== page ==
The Tar Heel state has a beef, and most of it ended up in my mailbox.
Carolina Panthers fans took exception when I deemed the Seattle Seahawks to be the class of the NFC last week, and they turned out in waves to protest. Not surprisingly, they declared their boys to be the team to beat this season – pointing to the Panthers' 7-2 record and rapidly improving defensive chemistry. Meanwhile, Seahawks fans threw out some love in thanks for recognition they've been craving all season.
I also heard from readers who thought some rookies were left off the recent piece detailing young players who should get a shot in the second half of the season. Green Bay Packers fans beware: Aaron Rodgers' name does come up. Beyond the typical rankings complaints, we also heard from a fan who thinks half of the NFL's wideouts are better than Larry Fitzgerald, and an Aussie who appears to have a boomerang in his pocket for a college lineman named "D'Brickashaw."
As usual, keep the responses coming. And remember to include your first and last name and your city and state with submissions. My comments are in italics.
To the mail …
SEAHAWKS VS. PANTHERS ("The wait is over," Nov. 13, 2005)
Regarding Seattle being "the elite team in the NFC" – I beg to differ. Carolina is every bit as good, if not better (and they've played a tougher schedule).
Carolina is a good team, too. But they still have some things to prove. One sure thing – the Panthers definitely haven't played a tougher schedule than Seattle. Without getting into a mind-numbing number of comparisons, the winning percentage of the teams Seattle has played this season is .444. Meanwhile, Carolina has compiled its record against teams with a combined winning percentage of .370.
Before you anoint the Seahawks kings of the NFC, watch a couple of Panthers games. Our defense is much better and more physical than theirs. Steve Smith is probably the best wideout in the NFL right now. Look at Jake Delhomme's stats over the past 16 games and compare them to Matt Hasselbeck's. Plus, the Panthers have recent Super Bowl experience.
Granite Falls, N.C.
For the record, I picked Carolina to win the Super Bowl in the preseason. The Panthers certainly are capable of it, but at this point in the season, Seattle has proved more.
While I think Seattle has done well this year, the Seahawks still aren't the top team in the conference. They did well by adding the players they did and getting rid of a few headaches, but it still remains to be seen if they can hold it together through a playoff game. Certainly, they're better than the Seahawks of last year because their attitude has changed and Mike Holmgren finally has a bunch of players who play hard instead of relying on talent alone.
I don't think you can call Seattle an elite team in the NFC when four of their wins came against the Arizona Cardinals and St. Louis Rams. The Seahawks have already lost to the Washington Redskins, who rightly didn't give them much respect.
This is obviously a Seahawks team with a different mindset. We know they will win their division, and make the playoffs. My question is: Can they go the rest of the season without losing? Mainly against the Philadelphia Eagles on the East Coast and the Indianapolis Colts at home?
No. Seattle will lose again.
I just wanted to thank you for being one of the few writers to actually realize how great the Seahawks are. I have been following your posts all year and know that you have been a believer all season. I don't know if it is because they are in the Northwest, but for some reason I never hear anything about their No. 1 offense and MVP candidate unless I am reading your write-ups.
Orange County, Calif.
Welcome aboard band wagoner. I have read your columns here and listened to how great the New York Giants were, and how the Seahawks weren't worthy of being in the top five.
I hear this about every single piece I do. I write about a team and suddenly I'm jumping on a bandwagon. Then fans complain about how all I did before the story was disrespect them. This is what an NFL writer does. We cover the league. That means that over the course of a year – in some way – we jump onto every bandwagon in the league. If you would rather read about the Edmonton Eskimos or Hamilton Tiger-Cats, let me know.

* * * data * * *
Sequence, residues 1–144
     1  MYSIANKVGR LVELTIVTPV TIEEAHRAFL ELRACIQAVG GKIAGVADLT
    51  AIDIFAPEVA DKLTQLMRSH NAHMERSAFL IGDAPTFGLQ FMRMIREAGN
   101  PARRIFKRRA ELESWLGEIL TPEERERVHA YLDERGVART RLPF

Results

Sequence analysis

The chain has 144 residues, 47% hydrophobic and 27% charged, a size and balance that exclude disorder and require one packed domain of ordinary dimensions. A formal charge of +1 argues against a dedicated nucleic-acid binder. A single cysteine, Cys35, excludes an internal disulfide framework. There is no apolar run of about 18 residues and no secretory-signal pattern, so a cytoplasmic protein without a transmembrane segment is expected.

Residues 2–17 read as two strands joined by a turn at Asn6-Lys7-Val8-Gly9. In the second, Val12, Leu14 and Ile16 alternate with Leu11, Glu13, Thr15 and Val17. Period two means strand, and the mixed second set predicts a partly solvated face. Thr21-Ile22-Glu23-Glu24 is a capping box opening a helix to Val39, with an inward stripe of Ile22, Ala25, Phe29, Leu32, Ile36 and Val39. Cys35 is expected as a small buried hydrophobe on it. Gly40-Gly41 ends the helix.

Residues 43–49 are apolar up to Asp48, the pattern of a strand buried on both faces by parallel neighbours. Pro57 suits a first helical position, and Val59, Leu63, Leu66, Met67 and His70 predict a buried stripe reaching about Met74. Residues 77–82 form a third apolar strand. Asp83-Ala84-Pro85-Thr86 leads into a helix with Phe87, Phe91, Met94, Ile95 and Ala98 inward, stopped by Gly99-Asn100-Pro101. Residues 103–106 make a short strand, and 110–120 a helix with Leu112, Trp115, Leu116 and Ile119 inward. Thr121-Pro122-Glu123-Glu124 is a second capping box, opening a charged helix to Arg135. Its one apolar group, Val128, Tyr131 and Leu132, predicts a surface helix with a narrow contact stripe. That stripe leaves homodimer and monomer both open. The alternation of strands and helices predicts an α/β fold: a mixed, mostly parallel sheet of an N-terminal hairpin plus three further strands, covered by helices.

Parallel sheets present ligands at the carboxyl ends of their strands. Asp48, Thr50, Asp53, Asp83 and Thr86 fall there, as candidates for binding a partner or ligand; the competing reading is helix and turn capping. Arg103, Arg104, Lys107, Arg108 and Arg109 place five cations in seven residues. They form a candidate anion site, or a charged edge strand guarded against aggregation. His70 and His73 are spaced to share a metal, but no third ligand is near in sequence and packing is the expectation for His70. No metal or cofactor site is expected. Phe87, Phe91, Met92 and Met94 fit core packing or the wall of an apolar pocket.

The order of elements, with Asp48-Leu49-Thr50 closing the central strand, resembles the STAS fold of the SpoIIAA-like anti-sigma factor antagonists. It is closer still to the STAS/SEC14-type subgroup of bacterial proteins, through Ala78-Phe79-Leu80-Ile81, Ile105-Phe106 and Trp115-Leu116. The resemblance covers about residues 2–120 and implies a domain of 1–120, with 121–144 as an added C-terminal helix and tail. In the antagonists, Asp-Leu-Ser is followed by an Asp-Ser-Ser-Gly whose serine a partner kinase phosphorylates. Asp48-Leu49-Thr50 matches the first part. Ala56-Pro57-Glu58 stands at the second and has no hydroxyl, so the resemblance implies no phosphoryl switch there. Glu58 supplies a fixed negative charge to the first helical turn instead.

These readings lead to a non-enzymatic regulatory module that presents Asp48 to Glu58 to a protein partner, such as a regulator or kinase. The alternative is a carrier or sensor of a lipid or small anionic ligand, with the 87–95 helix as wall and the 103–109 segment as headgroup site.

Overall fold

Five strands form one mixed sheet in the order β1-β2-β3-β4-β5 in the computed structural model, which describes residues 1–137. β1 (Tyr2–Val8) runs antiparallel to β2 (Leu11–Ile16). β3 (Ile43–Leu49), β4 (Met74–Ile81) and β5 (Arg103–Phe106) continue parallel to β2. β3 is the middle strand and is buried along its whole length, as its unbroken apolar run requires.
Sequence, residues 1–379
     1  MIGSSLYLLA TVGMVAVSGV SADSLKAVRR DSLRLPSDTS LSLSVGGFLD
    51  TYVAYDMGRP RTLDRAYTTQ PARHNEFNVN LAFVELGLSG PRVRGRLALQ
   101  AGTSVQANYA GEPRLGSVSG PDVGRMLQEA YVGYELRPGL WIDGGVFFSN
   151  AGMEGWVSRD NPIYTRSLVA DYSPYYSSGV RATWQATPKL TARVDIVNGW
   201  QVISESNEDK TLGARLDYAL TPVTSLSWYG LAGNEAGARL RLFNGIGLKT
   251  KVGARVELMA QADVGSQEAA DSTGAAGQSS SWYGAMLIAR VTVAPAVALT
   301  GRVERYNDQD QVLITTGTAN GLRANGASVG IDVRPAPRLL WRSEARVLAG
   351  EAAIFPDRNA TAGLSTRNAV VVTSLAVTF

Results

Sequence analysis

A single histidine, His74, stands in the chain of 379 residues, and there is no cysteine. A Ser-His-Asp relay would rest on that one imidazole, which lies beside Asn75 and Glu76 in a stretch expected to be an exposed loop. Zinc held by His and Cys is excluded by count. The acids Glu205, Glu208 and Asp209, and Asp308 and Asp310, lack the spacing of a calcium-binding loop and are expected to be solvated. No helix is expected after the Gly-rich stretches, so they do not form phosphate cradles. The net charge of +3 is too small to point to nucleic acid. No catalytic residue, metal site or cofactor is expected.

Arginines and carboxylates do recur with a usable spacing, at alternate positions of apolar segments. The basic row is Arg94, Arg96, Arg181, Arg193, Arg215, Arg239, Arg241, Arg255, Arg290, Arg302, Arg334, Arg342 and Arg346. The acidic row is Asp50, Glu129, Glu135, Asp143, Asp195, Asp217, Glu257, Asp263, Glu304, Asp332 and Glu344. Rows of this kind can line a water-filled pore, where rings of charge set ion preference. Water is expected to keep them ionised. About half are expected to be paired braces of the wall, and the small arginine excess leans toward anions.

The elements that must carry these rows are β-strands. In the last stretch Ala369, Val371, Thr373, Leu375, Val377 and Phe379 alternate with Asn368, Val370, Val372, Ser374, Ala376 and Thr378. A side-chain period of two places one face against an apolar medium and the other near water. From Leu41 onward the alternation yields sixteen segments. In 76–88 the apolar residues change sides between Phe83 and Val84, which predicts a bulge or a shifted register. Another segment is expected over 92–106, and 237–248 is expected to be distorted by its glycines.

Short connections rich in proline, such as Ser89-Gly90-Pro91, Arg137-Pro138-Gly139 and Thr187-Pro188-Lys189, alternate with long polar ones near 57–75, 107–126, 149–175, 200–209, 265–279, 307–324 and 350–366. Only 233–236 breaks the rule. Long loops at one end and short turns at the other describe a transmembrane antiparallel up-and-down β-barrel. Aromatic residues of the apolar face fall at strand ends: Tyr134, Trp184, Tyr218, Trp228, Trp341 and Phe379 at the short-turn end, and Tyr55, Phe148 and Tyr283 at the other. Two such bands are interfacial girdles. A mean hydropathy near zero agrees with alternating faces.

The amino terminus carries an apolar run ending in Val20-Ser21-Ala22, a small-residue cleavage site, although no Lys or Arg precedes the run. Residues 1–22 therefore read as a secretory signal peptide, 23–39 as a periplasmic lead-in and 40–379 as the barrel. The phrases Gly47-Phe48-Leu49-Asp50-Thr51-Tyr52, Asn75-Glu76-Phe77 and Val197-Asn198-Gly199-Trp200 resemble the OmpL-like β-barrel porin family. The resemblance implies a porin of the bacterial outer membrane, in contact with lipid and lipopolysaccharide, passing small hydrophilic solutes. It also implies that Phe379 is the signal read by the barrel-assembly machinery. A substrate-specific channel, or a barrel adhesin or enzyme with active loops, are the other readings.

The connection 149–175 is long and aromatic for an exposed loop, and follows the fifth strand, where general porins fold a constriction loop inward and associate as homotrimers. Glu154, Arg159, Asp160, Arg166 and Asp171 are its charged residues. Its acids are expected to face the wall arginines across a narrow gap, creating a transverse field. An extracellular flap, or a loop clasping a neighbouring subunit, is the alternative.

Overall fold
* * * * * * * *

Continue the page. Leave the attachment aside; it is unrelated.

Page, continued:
Just wanted to say thanks, Charles. All we ever wanted out here was a little respect. I believe the Seahawks have and will continue to show they deserve that.
Gig Harbor, Wash.
I was surprised to see no mention of the fact that the Seahawks have been playing and winning without their two starting receivers (Darrell Jackson and Bobby Engram). Now that Engram is back and D.J. will be in a few weeks, the Seahawks are going to be scary in December.
I agree about the offense. But I tried to focus on the defense, since that is what really separates this team from its past failures.
I have been a Seahawks season ticket holder for the past 15 years (since age 21). My brother and I have driven the 334 miles roundtrip from our doorsteps to Seahawks Stadium (it's not Qwest Field to us) for every game – preseason and regular season – for those 15 years. For us, it has been an actual labor of love. We hesitate to even think Super Bowl, for fear we may jinx the team, but we couldn't have said it better ourselves. "Roll Seahawks roll, all the way to the Super Bowl. Fly high, proud and free to a SEAHAWKS VICTORY!" A little ditty for the rest of the NFL.
Nice email, Chuck. I like hearing fan stories. They are much more pleasant than the typical "ARE YOU SMOKING CRACK?" responses I get.
ROOKIES ("Rookie moves," Nov. 16, 2005)
I think you've made a serious oversight in listing Tennessee Titans receiver Courtney Roby as a player to watch without referencing Brandon Jones. Roby looks like a one-game wonder so far and that one game was in Week 8 when Jones was out with an injury. Jones has 21 catches for 274 yards and two touchdowns versus Roby's 11 catches, 169 yards and one touchdown. Jones should at least be given his due in the same article.
Jones was left off the list because the piece was about rookies who were going to get increased opportunities – and starting nods – in the second half of the season. Jones was a regular starter for the Titans during the first half of the season, so he didn't fit what I was writing about.
Walter didn't make it because Collins is still in Oakland's long-term plans. That might change if Norv Turner gets the axe, but for now, the plan is to bring Walter along slowly.
It's interesting that you didn't mention Aaron Rogers with Green Bay in your story about second-half rookies. With the Packers' record, Brett Favre's age and the talk of Favre's retirement every offseason, I would think he would be near the top of your list of rookies that should see some action. Is there any reason he didn't make your list?
It makes sense, but there doesn't seem to be any indication the Packers are willing to sit Favre down for any reason – short of his throwing arm falling off.